The central message of the Institute of Agricultural Management’s (IAgrM) National Farm Management Conference, attended by 430 delegates, was that agricultural businesses should continue to adopt appropriate technologies in tandem with traditional approaches, all delivered with astute management.
Professor Sir Charles Godfray, from Oxford University, noted that climate change will impact our ability to produce food and that farms would come under increased governmental and supply chain pressure to reduce emissions.
“Farms will need to take every opportunity to improve efficiency to reduce emissions, but also consider the opportunities presented by carbon sequestration,” he said. “Furthermore, by cutting methane, farms can have a direct effect on cooling the atmosphere, which could be argued is a public good, and something that they should be paid for.”
The national decline in biodiversity was also addressed. Sam Hall, from the Conservative Environment Network, stressed that there are farming methods to reverse this decline, which could be actioned without compromising output. These included cover crops, reduced tillage and the precision application of inputs.
He added that the shift in subsidy schemes away from protection and towards environmental measures would also encourage biodiversity. The audience was also told that regenerative farming embraced many of the key principles to reducing carbon footprints and boosting biodiversity while helping them meet the criteria for subsidies.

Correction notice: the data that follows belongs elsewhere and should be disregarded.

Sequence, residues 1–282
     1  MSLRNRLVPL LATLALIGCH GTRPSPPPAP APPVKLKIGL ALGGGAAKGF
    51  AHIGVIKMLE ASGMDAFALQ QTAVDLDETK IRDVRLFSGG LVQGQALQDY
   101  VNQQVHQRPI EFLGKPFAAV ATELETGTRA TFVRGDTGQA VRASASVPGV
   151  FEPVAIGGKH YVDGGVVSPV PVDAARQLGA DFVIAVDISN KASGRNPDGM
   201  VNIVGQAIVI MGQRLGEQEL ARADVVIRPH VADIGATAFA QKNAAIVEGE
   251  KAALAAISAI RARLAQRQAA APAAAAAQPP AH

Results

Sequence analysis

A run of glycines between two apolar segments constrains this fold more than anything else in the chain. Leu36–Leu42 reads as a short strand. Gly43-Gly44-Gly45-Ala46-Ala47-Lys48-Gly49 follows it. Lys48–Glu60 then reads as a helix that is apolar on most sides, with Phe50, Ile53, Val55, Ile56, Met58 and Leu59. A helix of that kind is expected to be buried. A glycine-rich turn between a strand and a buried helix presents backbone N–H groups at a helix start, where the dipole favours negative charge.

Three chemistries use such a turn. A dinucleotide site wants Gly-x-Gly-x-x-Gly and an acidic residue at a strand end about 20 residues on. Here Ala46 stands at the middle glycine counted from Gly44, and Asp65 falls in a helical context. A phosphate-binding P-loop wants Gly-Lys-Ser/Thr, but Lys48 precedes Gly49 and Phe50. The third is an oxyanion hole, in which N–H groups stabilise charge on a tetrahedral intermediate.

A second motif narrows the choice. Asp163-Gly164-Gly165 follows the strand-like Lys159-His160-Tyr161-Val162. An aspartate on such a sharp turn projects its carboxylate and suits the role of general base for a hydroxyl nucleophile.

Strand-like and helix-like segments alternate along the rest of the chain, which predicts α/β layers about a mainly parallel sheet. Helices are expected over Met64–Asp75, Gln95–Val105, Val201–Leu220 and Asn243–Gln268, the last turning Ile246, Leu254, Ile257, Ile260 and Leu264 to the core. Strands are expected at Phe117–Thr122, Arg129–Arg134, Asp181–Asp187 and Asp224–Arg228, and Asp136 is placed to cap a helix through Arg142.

“It all starts with the soil, improving its quality and nutritive value, while keeping it where it’s needed – in fields not rivers,” explained Paul Cherry from Groundswell Agriculture. “By capturing carbon and increasing biological activity we can cut costs and build resilient businesses.”
Technology would have to play a major role in driving efficiency, added Aiden Connelly from AgriTech Capital, who reminded the audience that agriculture would need to produce 70% more food in the next 30 years.
“This is equivalent to increasing productivity by 1.8% per annum, which is less than already achieved. Carefully selected technology will allow us to deliver improvements, but will need very skilful management,” he said.
Summing up the conference, IAgrM chair, Carl Atkin-House said that regenerative farming and technology could work hand-in-hand across the supply chain, as those who supply and buy from farmers are facing the same environmental pressures.
“Solutions will involve everyone. We all have a role in overcoming the disruptions facing agriculture, and moving towards the climate and biodiversity-friendly industry that’s required. The conference has given some clear direction for travel,” he said.